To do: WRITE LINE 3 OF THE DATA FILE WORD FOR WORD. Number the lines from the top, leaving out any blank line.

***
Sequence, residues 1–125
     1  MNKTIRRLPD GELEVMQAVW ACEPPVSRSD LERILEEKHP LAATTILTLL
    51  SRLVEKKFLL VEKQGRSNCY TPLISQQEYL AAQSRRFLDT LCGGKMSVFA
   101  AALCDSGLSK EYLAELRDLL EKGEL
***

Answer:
    51  SRLVEKKFLL VEKQGRSNCY TPLISQQEYL AAQSRRFLDT LCGGKMSVFA